The 80/20 Principle: A Golden Resource for People on North Carolina Social Security Disability

October 5, 2011, by Michael A. DeMayo

If you are on North Carolina Social Security Disability, chances are that you are on a tight budget. You are trying to scrimp and save. You are carefully investing the assets that you retain. Whether you are just beginning the process of applying for North Carolina Social Security Disability or you’ve managed to transit through the process successfully and get entitlements to help you make ends meet, you are still coping with how to tie your life together with your shoestring budget.

The 80/20 Rule (Pareto Principle) Can Help

Budgeting your time, money, and energy is all about making the right trade-offs.

What inputs can you put into your life (or any system) that will lead to maximum results? And what inputs are yielding subpar results? Surprisingly, there are always imbalances is life. Certain things you do – stocks you pick, friends you cultivate, subtle decisions you make about your North Carolina Social Security Disability application – can lead to outsized results, both positive and negative.

You can put enormous effort into certain endeavors and get ultimately very little out of all that effort. 80% of your efforts will only lead to 20% of your results on any given task. On the flip side, 20% of your efforts will lead to 80% of your results. This imbalance is at play in everything you do: 80/20 applies to the clothes you wear, the foods you typically eat, the people you hang out with, and how you budget your time and money.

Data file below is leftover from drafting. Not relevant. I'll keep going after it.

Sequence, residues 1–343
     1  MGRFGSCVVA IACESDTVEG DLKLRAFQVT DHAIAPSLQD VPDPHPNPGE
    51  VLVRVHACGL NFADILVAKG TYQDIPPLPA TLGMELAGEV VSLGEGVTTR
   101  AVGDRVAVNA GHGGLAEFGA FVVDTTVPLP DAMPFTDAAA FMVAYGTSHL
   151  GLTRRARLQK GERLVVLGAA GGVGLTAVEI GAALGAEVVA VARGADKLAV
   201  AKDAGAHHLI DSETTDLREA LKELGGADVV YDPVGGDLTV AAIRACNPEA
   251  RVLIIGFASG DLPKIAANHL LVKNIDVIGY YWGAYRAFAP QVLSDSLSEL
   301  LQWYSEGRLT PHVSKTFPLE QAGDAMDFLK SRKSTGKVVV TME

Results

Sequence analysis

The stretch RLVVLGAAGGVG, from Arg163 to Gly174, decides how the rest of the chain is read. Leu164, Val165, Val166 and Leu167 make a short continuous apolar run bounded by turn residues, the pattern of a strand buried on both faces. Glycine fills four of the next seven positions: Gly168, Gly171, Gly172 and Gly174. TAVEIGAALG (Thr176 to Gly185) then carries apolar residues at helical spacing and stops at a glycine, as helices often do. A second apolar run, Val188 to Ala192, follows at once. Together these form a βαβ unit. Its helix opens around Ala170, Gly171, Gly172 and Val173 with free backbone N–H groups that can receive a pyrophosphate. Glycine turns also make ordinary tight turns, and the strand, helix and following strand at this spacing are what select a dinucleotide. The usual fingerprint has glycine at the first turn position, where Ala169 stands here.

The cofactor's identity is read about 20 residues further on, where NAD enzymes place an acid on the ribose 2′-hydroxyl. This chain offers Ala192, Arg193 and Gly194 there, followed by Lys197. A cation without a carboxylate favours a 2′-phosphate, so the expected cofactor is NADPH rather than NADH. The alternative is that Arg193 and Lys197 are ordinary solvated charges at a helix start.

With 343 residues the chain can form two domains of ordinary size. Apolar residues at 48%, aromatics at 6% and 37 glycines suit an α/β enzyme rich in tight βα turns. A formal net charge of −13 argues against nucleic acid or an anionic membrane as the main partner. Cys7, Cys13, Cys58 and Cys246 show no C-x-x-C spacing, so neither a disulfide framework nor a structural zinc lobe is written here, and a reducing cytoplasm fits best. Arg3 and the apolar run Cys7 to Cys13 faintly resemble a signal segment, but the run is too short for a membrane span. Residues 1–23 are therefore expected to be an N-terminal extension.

So how do you apply the Pareto Principle to budget on a shoestring?

The answer is to identify what inputs are yielding you “outsized results” and what inputs are yielding “undersized results.” Then make changes to focus more time/attention/money on the 20% that yields 80% of your payoffs. For instance, take a look at your grocery bill. According to the Pareto Principle, approximately 20% of the things you buy will give you 80% of your nutrition. Conversely, 80% of what you buy from the grocery store will only give you 20% of the nutrients your body needs.

So what’s the irrelevant stuff? What stuff can you stop buying and still maintain a healthy lifestyle? Thinking along those lines, you might start cutting out the so-called “empty calories” like soda pop, sugary desserts, and processed snacks, chips, and breads, and instead focus on the “20% products” that do give you good nutrition: meat, vegetables, fruit, beans, nuts, etc.

80/20 can, at least in theory, help you spend less on your food and extract the same amount of nourishment.

Be creative. Apply the 80/20 principle to purge your time and money budgets. Use it to identify what gets you outsized results and what gets you undersized results.

Connect with a North Carolina Social Security Disability law firm.

More web resources:

The 80/20 Principle Defined

Applying the Pareto Principle to Your Home Budget